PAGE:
World body checks out holes in Phl HR record

The Philippines signed the landmark International Covenant on Civil and Political Rights (ICCPR) on Dec. 6, 1966 and ratified it on Oct. 23, 1986. Adopted by the United Nations General Assembly in 1966, the treaty came into force 10 years later. By December 2018, 172 countries had ratified it.

Note that it took almost 20 years for the Philippines to ratify the treaty: It was signed after a year of the first term of president Ferdinand Marcos Sr., ratified on the eighth month of the Cory Aquino government.

Since April 2008 and every fifth year thereafter, (May 2012, May 2017 and October-November 2022), the UN Human Rights Council (UNHRC) has conducted a process of reviewing the human rights adherence to/compliance with the ICCPR of each member-state. It’s called the Universal Periodic Review (UPR).

All these UPRs showed the Philippines apparently continually falling short of performing its treaty obligations under the ICCPR. This is indicated by the advices (diplomatically termed “requests”) to the government by the UN Human Rights Committee – a body of experts under the UNHRC that carried out the initial UPR on the country last month. In its concluding observations issued last Nov. 4, the Committee asks the government:

• To widely disseminate the ICCPR and its two Optional Protocols, its fourth periodic report submitted to the UNHRC and the committee’s concluding observations among the “judicial, legislative and administrative authorities,” civil society and nongovernmental organizations. It urged the government to ensure that the periodic report and concluding observations are “translated into the official language of the Philippines.”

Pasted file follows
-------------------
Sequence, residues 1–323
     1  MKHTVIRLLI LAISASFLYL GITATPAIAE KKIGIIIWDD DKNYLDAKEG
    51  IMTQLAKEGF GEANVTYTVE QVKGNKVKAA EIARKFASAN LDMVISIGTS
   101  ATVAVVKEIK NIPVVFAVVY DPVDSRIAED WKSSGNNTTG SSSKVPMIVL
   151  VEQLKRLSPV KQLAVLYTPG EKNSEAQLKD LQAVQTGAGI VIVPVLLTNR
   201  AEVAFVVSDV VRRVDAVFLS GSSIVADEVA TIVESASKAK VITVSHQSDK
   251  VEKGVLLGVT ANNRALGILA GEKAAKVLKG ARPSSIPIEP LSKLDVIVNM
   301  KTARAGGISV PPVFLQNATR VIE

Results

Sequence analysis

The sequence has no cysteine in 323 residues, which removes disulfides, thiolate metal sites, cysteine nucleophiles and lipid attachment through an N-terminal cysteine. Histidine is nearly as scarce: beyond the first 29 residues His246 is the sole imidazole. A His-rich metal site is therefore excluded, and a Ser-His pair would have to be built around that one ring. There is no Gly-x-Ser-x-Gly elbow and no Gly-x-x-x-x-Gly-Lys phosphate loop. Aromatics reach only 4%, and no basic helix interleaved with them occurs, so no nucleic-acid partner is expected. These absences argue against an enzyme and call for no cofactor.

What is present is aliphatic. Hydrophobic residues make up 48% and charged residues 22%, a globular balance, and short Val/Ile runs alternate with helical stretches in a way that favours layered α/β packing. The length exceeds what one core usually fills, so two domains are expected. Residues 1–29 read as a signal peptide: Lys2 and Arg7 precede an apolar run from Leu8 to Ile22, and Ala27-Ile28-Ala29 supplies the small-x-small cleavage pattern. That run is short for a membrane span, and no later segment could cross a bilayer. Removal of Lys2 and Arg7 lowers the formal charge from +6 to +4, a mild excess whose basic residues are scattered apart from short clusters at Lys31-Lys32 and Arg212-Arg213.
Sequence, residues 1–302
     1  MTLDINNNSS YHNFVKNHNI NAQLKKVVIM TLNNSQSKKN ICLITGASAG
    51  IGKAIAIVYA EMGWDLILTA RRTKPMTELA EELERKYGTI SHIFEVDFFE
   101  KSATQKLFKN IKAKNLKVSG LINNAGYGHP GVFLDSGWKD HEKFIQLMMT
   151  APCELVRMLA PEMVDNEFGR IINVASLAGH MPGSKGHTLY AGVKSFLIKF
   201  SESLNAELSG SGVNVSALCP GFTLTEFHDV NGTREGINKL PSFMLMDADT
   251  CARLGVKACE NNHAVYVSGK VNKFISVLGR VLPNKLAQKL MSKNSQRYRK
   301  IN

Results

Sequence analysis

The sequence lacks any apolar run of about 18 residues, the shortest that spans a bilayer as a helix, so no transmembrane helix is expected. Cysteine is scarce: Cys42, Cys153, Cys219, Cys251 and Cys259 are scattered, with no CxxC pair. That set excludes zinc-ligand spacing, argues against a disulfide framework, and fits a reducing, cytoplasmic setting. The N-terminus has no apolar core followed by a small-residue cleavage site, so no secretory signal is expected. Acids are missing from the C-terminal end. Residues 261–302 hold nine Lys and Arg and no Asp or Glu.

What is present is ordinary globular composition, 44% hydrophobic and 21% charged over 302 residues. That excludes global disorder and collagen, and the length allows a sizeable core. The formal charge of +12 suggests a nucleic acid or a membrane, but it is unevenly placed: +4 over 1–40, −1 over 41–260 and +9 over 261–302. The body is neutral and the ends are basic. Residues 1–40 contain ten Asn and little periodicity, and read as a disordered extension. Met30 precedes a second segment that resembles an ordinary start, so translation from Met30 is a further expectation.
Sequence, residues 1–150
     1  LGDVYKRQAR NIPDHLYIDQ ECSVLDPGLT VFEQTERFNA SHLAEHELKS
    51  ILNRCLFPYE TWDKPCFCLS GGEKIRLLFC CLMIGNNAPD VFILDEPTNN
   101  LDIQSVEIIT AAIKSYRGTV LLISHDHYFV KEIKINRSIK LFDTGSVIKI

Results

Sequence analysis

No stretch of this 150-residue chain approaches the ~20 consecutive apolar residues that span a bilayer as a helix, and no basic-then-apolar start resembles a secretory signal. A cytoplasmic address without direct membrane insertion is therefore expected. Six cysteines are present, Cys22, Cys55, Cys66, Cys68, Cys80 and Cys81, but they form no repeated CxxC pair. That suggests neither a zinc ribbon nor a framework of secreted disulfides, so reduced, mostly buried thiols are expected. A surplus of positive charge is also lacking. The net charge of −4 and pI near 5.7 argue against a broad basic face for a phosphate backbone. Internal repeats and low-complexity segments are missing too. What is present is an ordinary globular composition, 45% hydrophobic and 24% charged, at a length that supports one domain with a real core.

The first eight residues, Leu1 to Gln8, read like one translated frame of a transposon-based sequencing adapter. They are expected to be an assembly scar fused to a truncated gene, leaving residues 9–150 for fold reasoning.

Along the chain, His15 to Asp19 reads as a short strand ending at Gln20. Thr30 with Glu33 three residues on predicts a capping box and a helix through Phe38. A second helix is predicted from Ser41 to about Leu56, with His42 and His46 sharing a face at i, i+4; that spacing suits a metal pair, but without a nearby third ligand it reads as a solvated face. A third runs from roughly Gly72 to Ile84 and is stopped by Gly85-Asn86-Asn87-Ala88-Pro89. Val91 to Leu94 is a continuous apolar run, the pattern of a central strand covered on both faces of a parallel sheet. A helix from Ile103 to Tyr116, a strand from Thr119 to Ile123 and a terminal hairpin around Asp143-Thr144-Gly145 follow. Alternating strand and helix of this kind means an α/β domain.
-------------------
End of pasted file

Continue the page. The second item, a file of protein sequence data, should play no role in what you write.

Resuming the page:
• By Nov. 4, 2025, to provide information on the implementation of the UNHR Committee’s recommendations on three issues raised: extrajudicial killings (EJKs), conditions of detention and freedom of expression.

On Monday, the UNHRC (composed of UN member-states periodically elected to that body) will convene in Geneva to complete the fourth cycle of the UPR process. A three-nation Working Group will handle the UPR on the Philippines.

Justice Secretary Jesus Crispin Remulla leads the country’s official delegation to the process, while a composite delegation on nongovernmental groups, called the Philippine UPR Watch, will monitor the process and provide its counterpoint report to that of the government.

Led by Karapatan, the national human rights alliance, the UPR Watch stated what it will do:

“We will confirm and validate further to the international community that the Philippine government has reneged on its commitment to respect and uphold the rights of the Filipino people, and that it has perpetrated and institutionalized impunity for human rights violations (HRVs).”

“We are not letting up on the quest to hold the Philippine government accountable for its transgression on people’s rights, past and present,” the UPR Watch vowed.

In its concluding observations on extrajudicial killings, the UNHR Committee registered its concern about reports of the “extremely high number of (EJKs), particularly in the context of the government’s anti-illegal drug campaign and grave (HRVs) involved in these killings, with the majority of the victims being young men from poor and marginalized communities who provide for their families.”